The Card Verification of the Future (But it Still Won’t Work for Ecommerce)

Sydney VaccaroEcommerceLeave a Comment

The Card Verification of the Future (But it Still Won't Work For Ecommerce) (1)

Biometrics are becoming a part of our day-to-day lives. Most of us use biometrics verification multiple times a day. You may be using your fingerprint, face, iris, voice or other verifications just to unlock your phone. These biometric verifications have become so advanced that even when a person is wearing a hat or sunglasses, the phone will still be able to recognize the right face. With that kind of security guarding your smartphone, it only makes sense that it would be utilized to protect credit cards (and merchants) from fraud. There has been talk about using this form of verification in the past, but Mastercard is truly implementing it into the credit card itself. We will give you a break down of the biometric card, how it affects merchants, and what kind of transactions it is currently not protecting.

The True Biometric Card

The card has an embedded fingerprint sensor that quickly captures and matches the cardholder’s fingerprint to a digital fingerprint image stored on the card. The cardholder’s biometric data does not leave the card at any point, as the biometric capture and match is done entirely on the card. If the match is successful, the transaction is authenticated and there is no need for the cardholder to provide a signature or PIN.

You can see the image below where the sensor for the fingerprint will be located on the card.


Image via Mastercard

What Merchant Needs to Know

Will Merchants Need to Update Hardware or Software?

Because all the information processing and verification of the fingerprint takes place within the card itself, merchants do not need to provide any additional support. This means that merchants can benefit from the certainty of true cardholder identity. And in turn, merchants will see less false declines or forgotten PIN transactions without having to upgrade their POS terminals. The terminals do need to be:

  • EMV-enabled  
  • Customer-facing  
  • Accessible to cardholders  
  • Designed so that the card sensor is not blocked from use

Essentially, the terminal just needs to allow the customer to have their finger on the card for the fingerprint verification.


Image via Mastercard

What are the Benefits for Merchants?

The goal of the card is to prevent in-store (or card-present) fraud from happening. An additional benefit is lowering decline rates for the good cardholders. This added protection from fraud and customer disputes comes at no cost to the merchant or cardholder.

Where Does the Chargeback Liability Lie?

“The chargeback liability remains with the issuer if the biometric match is successful. If the biometric match is not successful, then the transaction will be processed using the highest priority CVM commonly supported by both the card and terminal, which may be PIN or signature. In that situation, standard chargeback rules will apply, which means the issuer retains liability for PIN-based transactions as well as for signature-based transaction if neither the card nor the terminal supports PIN.” – Mastercard Documentation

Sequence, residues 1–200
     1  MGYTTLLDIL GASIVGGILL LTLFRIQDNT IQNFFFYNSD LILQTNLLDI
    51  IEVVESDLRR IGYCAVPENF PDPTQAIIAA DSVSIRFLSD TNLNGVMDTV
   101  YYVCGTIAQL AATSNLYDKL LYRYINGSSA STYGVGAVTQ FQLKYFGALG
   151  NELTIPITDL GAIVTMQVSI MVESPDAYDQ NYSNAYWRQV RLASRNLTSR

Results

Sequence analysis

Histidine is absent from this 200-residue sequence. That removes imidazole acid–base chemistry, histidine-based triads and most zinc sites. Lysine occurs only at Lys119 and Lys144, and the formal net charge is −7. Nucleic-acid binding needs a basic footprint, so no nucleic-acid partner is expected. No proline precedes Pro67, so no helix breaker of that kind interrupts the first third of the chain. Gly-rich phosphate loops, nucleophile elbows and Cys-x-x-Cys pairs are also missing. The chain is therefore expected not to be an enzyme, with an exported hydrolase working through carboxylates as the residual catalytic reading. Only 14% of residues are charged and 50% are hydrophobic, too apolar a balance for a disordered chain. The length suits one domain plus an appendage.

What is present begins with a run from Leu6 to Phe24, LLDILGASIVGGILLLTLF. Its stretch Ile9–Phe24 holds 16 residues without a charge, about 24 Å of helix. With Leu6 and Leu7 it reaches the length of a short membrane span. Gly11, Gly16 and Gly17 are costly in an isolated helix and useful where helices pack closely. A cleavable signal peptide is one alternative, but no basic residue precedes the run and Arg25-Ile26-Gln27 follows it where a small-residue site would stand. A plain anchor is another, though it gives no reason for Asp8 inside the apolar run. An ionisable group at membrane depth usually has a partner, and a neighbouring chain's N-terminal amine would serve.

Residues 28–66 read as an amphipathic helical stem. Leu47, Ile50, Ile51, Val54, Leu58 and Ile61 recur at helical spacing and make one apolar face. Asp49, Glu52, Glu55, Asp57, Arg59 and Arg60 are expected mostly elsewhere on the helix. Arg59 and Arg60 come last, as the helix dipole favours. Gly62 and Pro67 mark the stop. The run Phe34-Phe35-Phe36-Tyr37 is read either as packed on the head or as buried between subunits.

Where are the Biometric Cards?

The cards were piloted starting 2017 in Africa, Europe and the Middle East with additional countries being added this year. In July 2018, Mastercard began negotiations with the UK to bring the biometric card there next. Merchants can anticipate an eventual expansion of these cards, along with the other card networks creating their own biometric cards.

What Mastercard Wants Merchants to Know

Merchants should be aware that with the Mastercard Biometric Card:  

  • No changes are needed to the software or hardware of a merchant’s POS terminal in order to process Mastercard Biometric Card transactions.  
  • The biometric authentication process is as fast as PIN but saves the cardholder the effort of entering the PIN digits into the terminal’s keypad.
  • Accepting the Mastercard Biometric Card enables merchants to know with greater certainty that the person using the card is the genuine cardholder.  
  • Merchants should experience fewer declines due to forgotten PINs, incorrect PINs, and PIN bypass, as well as reduced checkout delays caused when a cardholder must switch to another form of payment.  
  • Merchants may see a positive impact to transaction approval rates due to greater issuer confidence in the transaction.  
  • As affluent customers are most interested in biometric cards, providing the best possible cardholder experience can lead to increased transaction volume.

The Lack of Ecommerce Protection (But Maybe a Sign of Things to Come?)

The biometric cards give great verification for card-present purchases, but the downside is that it is not being used for ecommerce (card-not-present) transactions. With a combination of EMV chips, PINs and signatures in-store transactions are better equipped for preventing fraud than ecommerce transactions. Although this biometric card is not created to protect card-not-present transactions yet, it is a step in that direction. Allowing the card itself to be the source of verification could be the beginnings of bring biometrics verification to the card-not-present world. By creating high level verification from wherever the customers is typing in their card number.